Whoop, whoop — here comes summer! The freedom of no school, no college, no responsibilities on the horizon. The promise of long, sunny days extending into long, light evenings and breezy nights that might just be ripe for holiday romance. The hope of finding your soulmate at camp or a festival. There’s a reason tonnes of top YA authors write summer-themed fiction, with some of the finest examples presented below.  

We’ll kick off with Summer Days, Summer Nights — an anthology that’s perfect for dipping into between dips in the pool, or when someone else is doing the driving on a road trip. Edited by Stephanie Perkins, it features twelve scorching short stories by top YA authors.   

Road-trips loom large in many of our favourites, among them Emery Lord’s Open Road Summer in which chalk-and-cheese best friends Reagan and Dee go on a rollercoaster ride of a road trip when Dee, a 17-year-old country music superstar, is offered her first major headline tour.   

We also adored Jeff Zentner’s Rayne and Delilah’s Midnite Matinee — a  contemporary coming-of-age classic, replete with a heartrending road trip, romance and lashings of LOLs. It sees best friends Josie and Delia, a pair of horror movie fans who are about to graduate from high school, embark on a road-trip to Florida to attend the Shivercon film festival, and (hopefully) find Delia’s dad.

More road-trip revelations feature in Robin Talley’s Our Own Private Universe when a bisexual teenager has her first experience of love in all its dizzying complexity during a summer trip to Mexico with her dad’s church mission.

Shifting to a European setting, The Wonder of Us brims with romance, coming-of-age dilemmas and explosive on-the-road experiences, not least when the fabulously authentic characters reach Iceland…

Showcasing a summer of romance, revelations, friendship and feuds during a glamping trip that takes a turn for the wild (there are bears!), Jenn Bennett’s Starry Eyes is thought- provoking, and funny with it.  

Staying in America (and with Jenn Bennett), we raced through Alex, Approximately — a fabulous YA riff on You’ve Got Mail. There’s movie magic, Californian sun, cool vintage- clad characters, and wow — what an ending! This is pretty much the perfect summer read.

Talking of which, Meg Rosoff’s The Great Godden comes close to being both the perfect coming-of-age novel and the perfect summer sizzler. Sophisticated, seductive and easy to read, its loss-of-innocence excellence put me in mind of classics like I Capture the Castle, Bonjour Tristesse and The Lost Estate (Le Grand Meaulnes).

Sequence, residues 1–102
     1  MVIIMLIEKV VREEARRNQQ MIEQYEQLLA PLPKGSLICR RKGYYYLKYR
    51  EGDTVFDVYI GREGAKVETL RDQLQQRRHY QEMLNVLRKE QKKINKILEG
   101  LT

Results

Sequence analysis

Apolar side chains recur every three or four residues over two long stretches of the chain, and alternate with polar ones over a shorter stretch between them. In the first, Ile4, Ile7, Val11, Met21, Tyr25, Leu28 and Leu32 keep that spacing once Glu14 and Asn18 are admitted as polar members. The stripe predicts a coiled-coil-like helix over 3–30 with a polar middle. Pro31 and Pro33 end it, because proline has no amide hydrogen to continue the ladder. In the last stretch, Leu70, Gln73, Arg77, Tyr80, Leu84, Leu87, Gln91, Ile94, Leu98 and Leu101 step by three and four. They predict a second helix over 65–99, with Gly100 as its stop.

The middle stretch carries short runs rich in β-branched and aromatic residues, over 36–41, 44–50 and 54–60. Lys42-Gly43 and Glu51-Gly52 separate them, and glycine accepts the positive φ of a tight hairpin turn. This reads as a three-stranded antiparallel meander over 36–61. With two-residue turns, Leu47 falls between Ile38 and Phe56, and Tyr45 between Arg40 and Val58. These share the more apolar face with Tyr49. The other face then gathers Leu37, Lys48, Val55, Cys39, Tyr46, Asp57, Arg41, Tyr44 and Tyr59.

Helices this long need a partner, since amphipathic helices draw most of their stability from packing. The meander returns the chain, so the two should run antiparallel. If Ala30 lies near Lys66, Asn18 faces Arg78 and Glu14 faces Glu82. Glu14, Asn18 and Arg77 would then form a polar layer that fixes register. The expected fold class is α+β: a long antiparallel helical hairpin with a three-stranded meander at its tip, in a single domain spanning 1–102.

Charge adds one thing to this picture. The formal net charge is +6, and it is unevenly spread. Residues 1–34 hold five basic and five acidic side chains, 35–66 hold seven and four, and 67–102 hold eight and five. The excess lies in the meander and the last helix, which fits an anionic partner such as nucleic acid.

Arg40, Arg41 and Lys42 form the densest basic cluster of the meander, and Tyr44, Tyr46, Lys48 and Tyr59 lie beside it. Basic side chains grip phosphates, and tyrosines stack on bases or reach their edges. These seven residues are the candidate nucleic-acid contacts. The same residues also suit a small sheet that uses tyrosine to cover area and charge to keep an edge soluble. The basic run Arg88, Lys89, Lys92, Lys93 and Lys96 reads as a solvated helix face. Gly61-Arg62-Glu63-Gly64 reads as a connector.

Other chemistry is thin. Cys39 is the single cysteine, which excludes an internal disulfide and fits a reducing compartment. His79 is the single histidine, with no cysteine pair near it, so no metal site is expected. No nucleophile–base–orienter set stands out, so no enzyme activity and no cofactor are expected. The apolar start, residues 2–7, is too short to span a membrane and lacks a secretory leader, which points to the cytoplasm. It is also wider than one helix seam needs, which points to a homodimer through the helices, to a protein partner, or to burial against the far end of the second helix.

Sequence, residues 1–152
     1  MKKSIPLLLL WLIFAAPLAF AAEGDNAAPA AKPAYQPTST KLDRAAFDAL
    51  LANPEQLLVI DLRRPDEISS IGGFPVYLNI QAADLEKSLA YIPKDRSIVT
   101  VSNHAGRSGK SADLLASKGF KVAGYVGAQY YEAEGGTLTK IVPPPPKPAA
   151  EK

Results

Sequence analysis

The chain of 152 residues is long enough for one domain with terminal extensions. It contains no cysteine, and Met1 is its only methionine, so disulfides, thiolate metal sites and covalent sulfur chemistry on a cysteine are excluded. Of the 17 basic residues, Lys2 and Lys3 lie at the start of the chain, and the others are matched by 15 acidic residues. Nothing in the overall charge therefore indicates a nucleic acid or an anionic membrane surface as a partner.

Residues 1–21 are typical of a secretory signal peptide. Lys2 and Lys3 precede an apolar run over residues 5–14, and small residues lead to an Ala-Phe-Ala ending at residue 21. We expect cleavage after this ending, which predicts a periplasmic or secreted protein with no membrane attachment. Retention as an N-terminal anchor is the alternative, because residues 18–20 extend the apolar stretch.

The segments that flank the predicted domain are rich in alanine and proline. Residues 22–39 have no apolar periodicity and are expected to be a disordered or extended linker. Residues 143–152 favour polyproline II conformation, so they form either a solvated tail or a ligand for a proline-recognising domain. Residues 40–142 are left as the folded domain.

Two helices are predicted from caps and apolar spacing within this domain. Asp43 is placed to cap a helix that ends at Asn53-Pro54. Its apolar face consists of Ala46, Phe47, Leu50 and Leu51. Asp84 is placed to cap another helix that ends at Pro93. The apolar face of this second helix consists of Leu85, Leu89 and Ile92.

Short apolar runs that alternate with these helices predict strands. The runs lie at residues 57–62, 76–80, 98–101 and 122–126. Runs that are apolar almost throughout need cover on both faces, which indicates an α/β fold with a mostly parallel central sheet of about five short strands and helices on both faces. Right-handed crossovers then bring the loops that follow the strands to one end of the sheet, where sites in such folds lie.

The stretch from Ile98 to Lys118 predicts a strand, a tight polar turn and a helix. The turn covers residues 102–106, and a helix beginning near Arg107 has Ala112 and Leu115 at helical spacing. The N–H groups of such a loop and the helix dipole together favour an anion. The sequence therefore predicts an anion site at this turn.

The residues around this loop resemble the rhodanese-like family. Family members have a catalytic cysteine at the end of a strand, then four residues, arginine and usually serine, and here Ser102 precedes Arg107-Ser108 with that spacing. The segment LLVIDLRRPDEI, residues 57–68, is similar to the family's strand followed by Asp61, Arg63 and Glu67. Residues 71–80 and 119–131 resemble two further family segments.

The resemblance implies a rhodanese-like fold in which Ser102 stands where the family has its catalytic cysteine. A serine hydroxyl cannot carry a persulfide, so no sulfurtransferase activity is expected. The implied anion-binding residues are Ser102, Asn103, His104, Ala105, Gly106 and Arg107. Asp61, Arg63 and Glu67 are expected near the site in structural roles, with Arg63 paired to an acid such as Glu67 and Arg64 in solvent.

On the subject of summer novels with classic appeal, set in the 1920s, Laura Woods’ A Sky Painted Gold unveils a glorious Gatsby-esque summer of champagne and Cinderella style change for 17-year-old Lou.   

Set in the 1930s and inspired by Much Ado About Nothing, the author’s Under a Dancing Star is also pretty darn special as it presents a young woman’s life-changing summer in her uncle’s villa in Italy, this time set around Bohemian circles.  

Looking for something with soul and depth? Try Harriet Reuter Hapgood’s The Square Root of Summer. A year after losing her grandfather and being rejected by her first love, 17-year-old physics prodigy Gottie slips back in time, to when these traumatic experiences happened. With themes of loss, grief, friendship (and physics), this is also packed with wit and warmth.

Meanwhile, golden in name, and gloriously radiant in nature, Phil Stamper’s Golden Boys delivers rays of hope and fresh possibilities as four gay friends from small-town Ohio embark on the potential summer-of-a-lifetime before starting their senior high school year.  

Want something that’ll make your spine tingle? Try summer-themed thriller What She Found in the Woods. Or how about You're Not Supposed to Die Tonight? Set in a summer camp, this creepy contemporary YA horror novel remixes eighties slasher movies in terrifying style.  

Lastly, before we leave you to dive into this whole collection of YA summer sizzlers, mention must be made of Renée Watson's Love is a Revolution. With an inspiring Black American teenager at its heart, and centred around a close Harlem community, this empowering story of summer love in all its forms is 100% authentic and uplifting.